But the sort of ripple effects we are talking about here on the economy suggest very tough times ahead for the country as a whole — with the only really obvious positive a fire-led building boom.

The economy and national security are supposed to be the Coalition’s strong points.

Yet even in the face of a catastrophe that shows our infrastructure vulnerable, and the economy under threat, we are still overwhelmed with political management.

Laura Tingle is 7.30’s chief political correspondent.

Stay across our bushfire coverage:

A single joey lost in burnt bushland

SOURCE: https://www.abc.net.au/news/2020-01-11/australia-bushfire-crisis-just-dont-mention-climate-change/11857590

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NEWS CORP Employee lashes MURDOCH reporting of Bushfires

News Corp's coverage of the Australian bushfire crisis has received attention from around the world.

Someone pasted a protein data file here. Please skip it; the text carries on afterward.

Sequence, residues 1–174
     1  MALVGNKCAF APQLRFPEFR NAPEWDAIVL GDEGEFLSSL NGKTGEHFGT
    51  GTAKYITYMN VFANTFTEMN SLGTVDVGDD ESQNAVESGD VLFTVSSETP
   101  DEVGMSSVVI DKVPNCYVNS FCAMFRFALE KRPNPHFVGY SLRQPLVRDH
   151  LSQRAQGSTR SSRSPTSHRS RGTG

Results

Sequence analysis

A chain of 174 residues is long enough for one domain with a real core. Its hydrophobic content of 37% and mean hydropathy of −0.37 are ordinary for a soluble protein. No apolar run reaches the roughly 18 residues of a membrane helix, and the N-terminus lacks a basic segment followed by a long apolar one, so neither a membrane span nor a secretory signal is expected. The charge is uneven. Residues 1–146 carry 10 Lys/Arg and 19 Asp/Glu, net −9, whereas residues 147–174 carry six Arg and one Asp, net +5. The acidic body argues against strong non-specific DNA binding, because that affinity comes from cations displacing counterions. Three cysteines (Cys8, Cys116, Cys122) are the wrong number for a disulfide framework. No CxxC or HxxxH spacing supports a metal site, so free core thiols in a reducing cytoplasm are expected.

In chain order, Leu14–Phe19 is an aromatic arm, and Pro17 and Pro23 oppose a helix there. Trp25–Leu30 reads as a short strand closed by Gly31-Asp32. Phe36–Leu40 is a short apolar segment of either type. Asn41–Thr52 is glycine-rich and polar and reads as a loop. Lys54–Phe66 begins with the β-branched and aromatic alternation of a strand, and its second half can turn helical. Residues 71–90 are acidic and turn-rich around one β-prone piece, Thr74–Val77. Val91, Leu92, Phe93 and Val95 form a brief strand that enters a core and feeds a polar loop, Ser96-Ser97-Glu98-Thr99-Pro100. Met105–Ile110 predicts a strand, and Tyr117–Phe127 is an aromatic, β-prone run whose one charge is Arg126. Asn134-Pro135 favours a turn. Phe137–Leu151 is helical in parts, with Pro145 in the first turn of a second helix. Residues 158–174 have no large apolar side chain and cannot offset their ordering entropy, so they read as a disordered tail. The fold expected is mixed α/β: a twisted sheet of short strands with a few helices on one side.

News Corp’s coverage of the Australian bushfire crisis has received attention from around the world.CREDIT:NICK MOIR

HERE’s what some commentators had to say!

Paul

I’m surprised that state governments haven’t acted to curb News Corp i rresponsibility. Australian states are treated no better than South American countries by this American libertarian agency. Not only do they engage in character assassination of anyone leading positive change, we can now see they deliberately frustrate state governance, seed false arguments and destroy community wellbeing. This is an emergency, the planet and our capacity to transform human behaviour is at stake.

Mary-Anne Well said Paul. That self-entitled evil old man and his corrupt spawn should have the numbers 666 stamped on their foreheads. Australian citizens should demand the re-introduction of media concentration laws because no single person/organisation should ever be allowed to exert so much influence/manipulation over the national conversation. He has succeeded in stiffling important debate and dividing this nation by promoting tribalism rather than sensible rational discussion.

Brian You are forgetting how beholden our state and federal governments are to Rupert Murdoch and their dependence on him for re-election. We no longer have a free press in this country with the domination of News Corp.

Kate Thank you Emily Townsend. If only Murdoch journalists had your strength of character. They could join forces against their errant bosses. Surely they couldn’t all be sacked?